Patrick R. Sullivan writes:

I see I missed this bit from Marty:

That's not true. On June 5th, 1967 Israel attacked Egypt. It is true that Egypt and Syria had expelled the UNEF force in May 1967, but they hadn't launched an attack on Israel.

Yeah, Israelis, being no dummies, recognized Egypt and Syria's intentions, and beat them to the punch. However, we're talking about the West Bank, and Israel did not attack the Jordanian forces until after they'd launched their assault FROM THE WEST BANK.

Israel even warned the King of Jordan not to get involved. He ignored that warning. That Jordan lost part of its territory--the West Bank--is entirely its own fault.

Marty Steinberg writes:
Property rights (and worse) of millions of Hindus and Muslims were violated in 1947 (Partition of India) by State-sponsored violence. But nobody cares about it now. What is so special about Palestinians?

Pakistan is 97% Muslim. A small minority of Sikhs, Christians and Hindus live there. Most of the Hindus cross the border into India, so did Sikhs. Large number of Muslims crossed over into Pakistan, yet, a large number of them was still left in India. India has world's second largest Muslim population, behind Indonesia. India has not built walls around Muslim population.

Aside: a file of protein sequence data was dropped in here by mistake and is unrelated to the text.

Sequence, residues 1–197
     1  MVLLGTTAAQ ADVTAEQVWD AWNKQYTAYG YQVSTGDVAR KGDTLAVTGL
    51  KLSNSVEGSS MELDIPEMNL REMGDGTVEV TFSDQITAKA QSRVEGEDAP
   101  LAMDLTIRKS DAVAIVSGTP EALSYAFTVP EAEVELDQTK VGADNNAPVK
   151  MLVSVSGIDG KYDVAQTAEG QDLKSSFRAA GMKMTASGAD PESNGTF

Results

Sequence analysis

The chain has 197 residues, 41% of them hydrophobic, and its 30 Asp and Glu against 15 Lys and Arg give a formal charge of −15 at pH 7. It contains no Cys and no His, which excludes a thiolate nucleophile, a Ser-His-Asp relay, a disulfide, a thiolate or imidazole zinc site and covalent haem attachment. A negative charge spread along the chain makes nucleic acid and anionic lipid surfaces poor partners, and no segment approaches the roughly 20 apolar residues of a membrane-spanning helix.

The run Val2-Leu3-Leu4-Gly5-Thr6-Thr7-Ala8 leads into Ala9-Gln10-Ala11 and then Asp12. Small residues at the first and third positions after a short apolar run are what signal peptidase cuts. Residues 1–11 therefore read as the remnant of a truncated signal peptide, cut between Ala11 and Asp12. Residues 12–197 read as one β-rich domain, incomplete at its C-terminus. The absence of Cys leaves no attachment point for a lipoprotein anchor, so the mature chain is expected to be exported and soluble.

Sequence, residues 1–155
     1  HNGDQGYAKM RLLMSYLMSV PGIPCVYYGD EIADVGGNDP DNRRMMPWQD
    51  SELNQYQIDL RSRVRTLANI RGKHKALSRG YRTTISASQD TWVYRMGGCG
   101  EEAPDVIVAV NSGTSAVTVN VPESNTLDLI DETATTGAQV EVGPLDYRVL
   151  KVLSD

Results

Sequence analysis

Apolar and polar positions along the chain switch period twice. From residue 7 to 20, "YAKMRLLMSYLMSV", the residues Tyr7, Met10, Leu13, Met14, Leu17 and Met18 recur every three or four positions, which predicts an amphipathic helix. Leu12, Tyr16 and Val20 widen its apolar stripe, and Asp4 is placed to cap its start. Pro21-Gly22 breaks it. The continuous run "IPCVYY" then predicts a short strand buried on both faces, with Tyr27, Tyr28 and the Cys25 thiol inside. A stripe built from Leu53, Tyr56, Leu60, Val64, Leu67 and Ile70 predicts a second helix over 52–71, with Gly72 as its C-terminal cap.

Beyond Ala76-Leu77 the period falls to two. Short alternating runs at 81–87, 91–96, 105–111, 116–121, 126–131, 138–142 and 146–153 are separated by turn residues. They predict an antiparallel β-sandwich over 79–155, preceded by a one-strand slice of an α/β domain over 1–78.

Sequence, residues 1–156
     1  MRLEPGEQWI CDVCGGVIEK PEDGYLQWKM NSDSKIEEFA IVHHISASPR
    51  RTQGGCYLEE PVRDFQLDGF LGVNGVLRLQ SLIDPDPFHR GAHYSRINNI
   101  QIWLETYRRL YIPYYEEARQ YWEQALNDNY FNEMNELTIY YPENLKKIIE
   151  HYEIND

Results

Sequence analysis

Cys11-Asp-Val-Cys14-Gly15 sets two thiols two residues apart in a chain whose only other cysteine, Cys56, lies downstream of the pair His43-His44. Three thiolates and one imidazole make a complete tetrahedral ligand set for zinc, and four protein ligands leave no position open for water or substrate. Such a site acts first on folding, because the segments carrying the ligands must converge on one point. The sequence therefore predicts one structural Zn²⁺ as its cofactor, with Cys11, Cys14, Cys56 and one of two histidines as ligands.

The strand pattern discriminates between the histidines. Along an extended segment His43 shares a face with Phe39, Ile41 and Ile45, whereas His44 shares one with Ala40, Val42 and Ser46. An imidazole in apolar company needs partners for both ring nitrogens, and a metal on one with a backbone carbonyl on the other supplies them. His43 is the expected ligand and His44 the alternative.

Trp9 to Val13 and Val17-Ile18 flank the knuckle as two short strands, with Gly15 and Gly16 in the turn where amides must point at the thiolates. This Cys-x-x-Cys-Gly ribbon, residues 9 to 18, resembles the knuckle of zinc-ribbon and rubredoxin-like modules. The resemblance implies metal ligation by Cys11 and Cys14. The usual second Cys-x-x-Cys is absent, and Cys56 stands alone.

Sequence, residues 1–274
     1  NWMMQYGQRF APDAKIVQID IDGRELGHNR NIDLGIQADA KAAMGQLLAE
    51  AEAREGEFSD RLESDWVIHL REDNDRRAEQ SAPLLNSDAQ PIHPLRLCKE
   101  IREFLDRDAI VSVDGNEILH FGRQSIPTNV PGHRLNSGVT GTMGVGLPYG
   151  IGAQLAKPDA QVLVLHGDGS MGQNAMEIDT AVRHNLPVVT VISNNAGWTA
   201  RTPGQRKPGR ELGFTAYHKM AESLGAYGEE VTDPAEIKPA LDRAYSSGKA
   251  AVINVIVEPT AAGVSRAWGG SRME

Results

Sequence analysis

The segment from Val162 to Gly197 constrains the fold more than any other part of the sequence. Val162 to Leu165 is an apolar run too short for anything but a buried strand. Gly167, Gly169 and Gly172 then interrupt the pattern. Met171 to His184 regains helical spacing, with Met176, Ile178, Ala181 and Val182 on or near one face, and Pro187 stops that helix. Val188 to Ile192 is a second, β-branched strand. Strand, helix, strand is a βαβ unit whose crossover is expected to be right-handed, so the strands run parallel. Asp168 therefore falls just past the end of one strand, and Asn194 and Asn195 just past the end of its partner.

To the question whether anyone cares, the answer is a resounding yes. India-Pakistan have fought 3 wars since the partition, and still exchange fire everyday across line of control in Kashmir. Pakistan sponsors militants in Kashmir to fight a guerrilla war against the Indian security forces.

Patrick R. Sullivan writes:

Also from Marty:

As for Ottoman empire, may be. But it is more likely that, the partition of British Palestine at the hands of "United Nations" had more to do with it. Jewish immigration to Palestine started in earnest at the end of WWI, certainly after it became a british territory.

Obviously not. The Arab attacks began in the 1920s long before the UN even existed.

And, guess what, Arab immigration into Palestine began in earnest at the same time. As I've already told you (and provided evidence to support it) Palestine was a backwater until the Jews came in, with the permission of the sovereign authority--the Turkish sultan--and began draining the swamps and developing the territory. That created economic opportunity for Arabs as well as Jews.

Marty Steinberg writes:

Patrick,

Those are good points. I will end this exchange here on that note. Thanks,